Central African Republic
If you search for writing, videos or really any information on cooking in Central African Republic (CAR), you will quickly note that it barely exists. What does exist instead is mostly bad news – I mean, try to find a headline about Central African Republic that doesn’t have the words “killed” or “dead” in it. People there have been suffering for a long time, first under colonial rule and now while Christian and Muslim militias have been locked in a seemingly endless battle for control of the government. The weapon of late, for reasons of both convenience and probably effect, has often been the machete. More than half of the country’s population is starving, with little relief in sight.
In the midst of my research, this hit me in a way, or maybe in a moment, that I didn’t expect – on top of all of the advantages I already have as a straight, white, American male, just by virtue of living in a developed country I also enjoy the privilege of having time to think about food. What with living in a constant warzone and in abject poverty, there is a reason that time is apparently not spent writing cookbooks or making Youtube videos about food in CAR – such time, in and of itself, is a luxury. Food is enjoyed and appreciated there, of course; but when most of life is largely spent struggling to survive, agonizing over the merits of peanut oil over sesame or palm oil becomes a vulgar and vain act. The very fact that I have the time, resources and peace to work on this blog is an example (among many others, endless others) of the ridiculous and unearned ease of my life.
Another disheartening aspect of researching African cuisine in general is the relative lack of amplified African voices on the subject. This is a problem that one finds in every area of global cuisine, but in Africa’s case it is usually compounded by the arrogance and disdain of those who have attempted to speak for it, e.g. in place of it. I looked for months, read every website I could find in both English and French, and worked WorldCat until the computer started beading with sweat. What I found was deeply disappointing.
One of very few books addressing the cuisine of Central Africa, La cuisine au pays du soleil, is emblematic of the aforementioned colonialist attitude. It was produced by a publishing house based in Luxembourg called Éditions Saint-Paul in 1970 – FORTY-SEVEN YEARS AGO, GUYS – and like most Western-written, pre-millennial “ethnic” cookbooks that attempt to sum up an entire continent’s diverse cuisine in 300 pages, it is a complete disaster.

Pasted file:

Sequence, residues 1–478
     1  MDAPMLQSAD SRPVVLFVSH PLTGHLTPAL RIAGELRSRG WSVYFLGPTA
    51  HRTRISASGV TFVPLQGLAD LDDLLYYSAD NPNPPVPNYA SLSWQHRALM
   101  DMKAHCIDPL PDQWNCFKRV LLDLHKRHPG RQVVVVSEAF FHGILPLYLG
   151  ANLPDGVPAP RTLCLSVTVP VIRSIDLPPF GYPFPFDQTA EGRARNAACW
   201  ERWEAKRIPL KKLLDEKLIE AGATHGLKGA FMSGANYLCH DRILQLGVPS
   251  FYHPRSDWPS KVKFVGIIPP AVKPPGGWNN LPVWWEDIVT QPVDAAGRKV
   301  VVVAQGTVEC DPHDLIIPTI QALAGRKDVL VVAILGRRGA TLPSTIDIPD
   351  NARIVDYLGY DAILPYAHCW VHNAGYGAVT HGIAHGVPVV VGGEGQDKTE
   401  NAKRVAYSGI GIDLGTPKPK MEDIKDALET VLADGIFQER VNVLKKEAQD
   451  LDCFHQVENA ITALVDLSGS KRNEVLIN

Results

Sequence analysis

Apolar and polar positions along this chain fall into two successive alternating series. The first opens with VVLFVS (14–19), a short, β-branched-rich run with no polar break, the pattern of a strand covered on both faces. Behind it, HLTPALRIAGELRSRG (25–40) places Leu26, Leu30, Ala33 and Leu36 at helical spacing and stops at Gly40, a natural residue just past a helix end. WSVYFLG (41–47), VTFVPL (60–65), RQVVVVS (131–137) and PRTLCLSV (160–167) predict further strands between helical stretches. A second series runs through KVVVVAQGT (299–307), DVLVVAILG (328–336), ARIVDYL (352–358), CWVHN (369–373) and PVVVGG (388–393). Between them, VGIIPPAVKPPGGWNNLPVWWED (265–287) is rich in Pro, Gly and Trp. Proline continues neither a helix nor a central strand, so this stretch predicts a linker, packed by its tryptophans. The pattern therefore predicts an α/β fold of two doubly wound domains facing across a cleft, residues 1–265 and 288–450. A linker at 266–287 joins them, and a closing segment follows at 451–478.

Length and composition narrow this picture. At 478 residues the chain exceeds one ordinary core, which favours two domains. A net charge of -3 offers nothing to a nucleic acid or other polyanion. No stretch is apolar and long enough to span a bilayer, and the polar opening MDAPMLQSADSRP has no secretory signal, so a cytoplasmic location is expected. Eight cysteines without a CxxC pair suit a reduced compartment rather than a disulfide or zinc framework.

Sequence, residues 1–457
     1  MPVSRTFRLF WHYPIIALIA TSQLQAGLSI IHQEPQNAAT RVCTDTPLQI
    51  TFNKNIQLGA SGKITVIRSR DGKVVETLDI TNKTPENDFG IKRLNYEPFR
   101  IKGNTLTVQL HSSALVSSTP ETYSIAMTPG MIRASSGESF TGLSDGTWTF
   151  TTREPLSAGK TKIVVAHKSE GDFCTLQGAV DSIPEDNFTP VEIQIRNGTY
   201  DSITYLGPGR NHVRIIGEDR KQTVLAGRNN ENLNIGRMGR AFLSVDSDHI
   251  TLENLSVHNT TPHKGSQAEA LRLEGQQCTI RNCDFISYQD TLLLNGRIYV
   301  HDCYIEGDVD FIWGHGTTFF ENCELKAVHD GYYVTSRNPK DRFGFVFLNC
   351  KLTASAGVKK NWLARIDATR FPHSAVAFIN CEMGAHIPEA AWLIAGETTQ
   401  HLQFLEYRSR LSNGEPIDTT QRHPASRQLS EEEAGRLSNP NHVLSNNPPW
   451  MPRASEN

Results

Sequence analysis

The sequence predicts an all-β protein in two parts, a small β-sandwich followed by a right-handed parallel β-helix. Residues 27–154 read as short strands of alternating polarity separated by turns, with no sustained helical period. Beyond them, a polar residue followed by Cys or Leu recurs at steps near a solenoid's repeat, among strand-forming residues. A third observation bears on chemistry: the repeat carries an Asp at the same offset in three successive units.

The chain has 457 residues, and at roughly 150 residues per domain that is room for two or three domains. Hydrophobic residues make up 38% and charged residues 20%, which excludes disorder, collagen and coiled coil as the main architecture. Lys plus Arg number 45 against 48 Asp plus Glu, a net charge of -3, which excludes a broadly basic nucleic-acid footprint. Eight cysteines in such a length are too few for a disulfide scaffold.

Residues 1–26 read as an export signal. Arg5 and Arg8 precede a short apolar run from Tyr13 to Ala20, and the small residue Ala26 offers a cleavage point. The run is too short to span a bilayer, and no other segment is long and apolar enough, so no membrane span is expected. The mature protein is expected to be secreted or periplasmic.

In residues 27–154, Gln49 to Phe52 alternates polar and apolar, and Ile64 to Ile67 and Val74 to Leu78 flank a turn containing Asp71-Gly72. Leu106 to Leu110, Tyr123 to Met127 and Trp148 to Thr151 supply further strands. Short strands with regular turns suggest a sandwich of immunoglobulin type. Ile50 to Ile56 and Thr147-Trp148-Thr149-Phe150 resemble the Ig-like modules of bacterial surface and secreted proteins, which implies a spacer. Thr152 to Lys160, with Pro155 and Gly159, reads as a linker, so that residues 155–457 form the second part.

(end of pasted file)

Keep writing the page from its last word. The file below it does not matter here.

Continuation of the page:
On the upside, I got to visit the NYU Bobst Library’s Special Collections for this very rare book, which was a real treat for a dork like me. I got to sit at a big table all by myself, and an assistant brought the book to me on a big foam platform. It had heavy ropes to hold the pages down, which minimized the amount of skin oils that my fingers would pass onto the paper. Unfortunately, the physical act of receiving and examining the book was the best part of this experience.
Overall, about 85% of this book is unattributed, miscellaneous “African” recipes, and about 30% of those recipes are, inexplicably, traditional French dishes like boeuf bourguignon. The majority of the dishes presented in this book are African only in the vaguest sense, distressingly overlaid with the structures, techniques and jargon of French nouvelle cuisine. While written by presumably well-intending missionaries, this cookbook – one of the scant few in Western languages to even address cookery from the center of Africa, I remind you – is nevertheless another reflection of the grand formalist exercise of codifying “other” cuisines from within the context of the colonizer’s own gastronomy. There appears to have been almost no effort expended to understand this cuisine in its own context.
I found a better version of my own thoughts on this topic in a piece written by Dr. Agnes Czajka of York University in Canada, entitled “The African Orient – Edward Said’s Orientalism and ‘Western’ Constructions of Africa.” For those unfamiliar, Edward Said literally wrote the book on Orientalism, which is defined as a generally patronizing and condescending attitude that the West demonstrates toward non-Western or subaltern cultures. In any case, Dr. Cjajka stated that Africa and Asia “have been the objects of the most reductionist, delusional and artificial discursive constructions, which continually permeate and constrain the manner in which the ‘West’ conceives of them.”